The Unconventional Pairing of Gypsy Children and the Moomins: Parallel Session F

The 21st annual IBBY/NCRCL MA Conference took place on 8 November 2014 at the University of Roehampton. This year’s theme was ‘Belonging is… an exploration of the right to be included and the barriers that must be overcome’. This week on the NCRCL blog, alumni and current NCRCL students will be reporting on various aspects of the conference, including the speakers, panelists and parallel sessions.

 

The Unconventional Pairing of Gypsy Children and the Moomins: Parallel Session F

By Clare Merrett

Marian Devons is a primary school teacher with responsibility for her school’s library. She completed the MA in Children’s Literature at University of Roehampton in 2004 and based her dissertation on the representation of gypsies in books for children. Her talk for the IBBY/NCRCL conference was entitled ‘Do Modern Gypsy Children Find a Place where they ‘Belong’ in Children’s Literature?’. Acknowledging the difficulties around defining ‘gypsy’, Marian focused on English novels from the 1950s onwards that explicitly used the term. She identified decade long trends switching between the romantic, realistic and historical, with an overarching trend for portrayals that were either stereotyped or ‘issue’ books.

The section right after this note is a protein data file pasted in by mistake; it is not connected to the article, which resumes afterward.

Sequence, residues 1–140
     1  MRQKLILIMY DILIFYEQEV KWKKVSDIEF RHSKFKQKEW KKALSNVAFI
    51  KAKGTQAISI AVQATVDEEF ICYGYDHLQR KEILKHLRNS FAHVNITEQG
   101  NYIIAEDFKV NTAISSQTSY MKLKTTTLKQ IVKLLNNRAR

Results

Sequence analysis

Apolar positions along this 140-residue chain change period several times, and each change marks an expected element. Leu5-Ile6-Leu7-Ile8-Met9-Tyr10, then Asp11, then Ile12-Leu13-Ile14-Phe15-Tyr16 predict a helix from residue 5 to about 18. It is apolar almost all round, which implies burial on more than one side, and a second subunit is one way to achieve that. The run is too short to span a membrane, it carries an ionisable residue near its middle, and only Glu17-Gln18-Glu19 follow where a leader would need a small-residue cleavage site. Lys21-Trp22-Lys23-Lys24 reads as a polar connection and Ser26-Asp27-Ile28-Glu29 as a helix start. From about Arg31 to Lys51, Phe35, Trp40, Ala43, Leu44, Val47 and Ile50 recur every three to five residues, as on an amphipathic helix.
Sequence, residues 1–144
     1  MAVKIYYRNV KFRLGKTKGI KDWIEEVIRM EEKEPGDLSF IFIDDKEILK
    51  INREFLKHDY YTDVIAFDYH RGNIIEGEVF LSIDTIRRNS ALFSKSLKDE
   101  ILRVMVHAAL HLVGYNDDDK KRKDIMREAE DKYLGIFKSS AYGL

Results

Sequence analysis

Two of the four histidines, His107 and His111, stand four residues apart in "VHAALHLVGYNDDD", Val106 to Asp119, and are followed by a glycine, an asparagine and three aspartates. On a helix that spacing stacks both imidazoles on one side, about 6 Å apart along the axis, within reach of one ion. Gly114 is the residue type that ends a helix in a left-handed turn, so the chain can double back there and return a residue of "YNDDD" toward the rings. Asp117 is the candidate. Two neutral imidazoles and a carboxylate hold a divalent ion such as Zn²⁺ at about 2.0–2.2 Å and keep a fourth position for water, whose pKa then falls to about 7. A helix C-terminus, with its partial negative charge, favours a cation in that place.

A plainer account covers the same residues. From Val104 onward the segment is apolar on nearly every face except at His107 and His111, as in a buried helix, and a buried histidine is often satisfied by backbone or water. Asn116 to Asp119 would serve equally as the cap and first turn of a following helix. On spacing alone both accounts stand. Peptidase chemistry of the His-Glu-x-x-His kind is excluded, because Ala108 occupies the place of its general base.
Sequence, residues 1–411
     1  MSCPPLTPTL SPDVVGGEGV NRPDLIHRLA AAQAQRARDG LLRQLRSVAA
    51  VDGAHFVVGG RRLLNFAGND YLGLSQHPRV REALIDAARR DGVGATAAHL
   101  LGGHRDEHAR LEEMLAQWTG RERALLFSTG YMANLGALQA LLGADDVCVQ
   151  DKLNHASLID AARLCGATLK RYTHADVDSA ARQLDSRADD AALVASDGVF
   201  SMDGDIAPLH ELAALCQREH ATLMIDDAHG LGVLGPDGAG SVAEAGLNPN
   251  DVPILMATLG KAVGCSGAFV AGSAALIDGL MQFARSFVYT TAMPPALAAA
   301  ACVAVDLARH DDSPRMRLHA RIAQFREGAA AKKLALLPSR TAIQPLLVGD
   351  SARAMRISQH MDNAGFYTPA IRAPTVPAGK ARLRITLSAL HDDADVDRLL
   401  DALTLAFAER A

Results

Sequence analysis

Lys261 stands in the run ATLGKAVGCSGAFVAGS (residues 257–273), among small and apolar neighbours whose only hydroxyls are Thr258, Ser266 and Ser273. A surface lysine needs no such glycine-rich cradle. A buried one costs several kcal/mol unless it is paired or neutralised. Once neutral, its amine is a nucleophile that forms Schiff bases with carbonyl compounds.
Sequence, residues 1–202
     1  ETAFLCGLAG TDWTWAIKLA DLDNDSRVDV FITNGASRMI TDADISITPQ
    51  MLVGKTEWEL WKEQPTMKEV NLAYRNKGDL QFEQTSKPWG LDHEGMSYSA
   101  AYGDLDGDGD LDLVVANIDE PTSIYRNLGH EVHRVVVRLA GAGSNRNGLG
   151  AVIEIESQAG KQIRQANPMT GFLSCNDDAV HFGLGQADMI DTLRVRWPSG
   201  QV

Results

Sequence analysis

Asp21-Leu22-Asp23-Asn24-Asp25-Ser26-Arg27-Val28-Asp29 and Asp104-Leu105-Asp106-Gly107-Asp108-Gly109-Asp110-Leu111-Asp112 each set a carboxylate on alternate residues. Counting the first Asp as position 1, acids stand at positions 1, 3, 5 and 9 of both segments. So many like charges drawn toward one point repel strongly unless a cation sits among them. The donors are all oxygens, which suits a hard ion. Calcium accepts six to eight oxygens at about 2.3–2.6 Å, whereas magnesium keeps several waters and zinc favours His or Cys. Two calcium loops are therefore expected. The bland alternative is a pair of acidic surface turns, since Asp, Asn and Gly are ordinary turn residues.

It was interesting to hear that Marian feels little has changed in the time since her dissertation was written. Her talk highlighted the practical decisions that have to be made about books held in a school library, and the challenges the lack of incidental gypsy characters and stories about modern gypsy children can bring. In an apt and fortunate twist, however, storyteller Richard O’Neill entertained delegates in between conference speakers with stories based on his own Romany background, perhaps representing change.

Comet in Moominland

Anne Malewski is a PhD student at University of Roehampton. Anne started her talk, ‘Age and Belonging in Tove Jansson’s Characters’, by defining ‘age’ and ‘belonging’, pointing out that age often marks out a territory of belonging that encompasses expected or allowed behaviour. Whereas childhood is often defined in terms of transition and becoming, adulthood is largely perceived as stable, as being.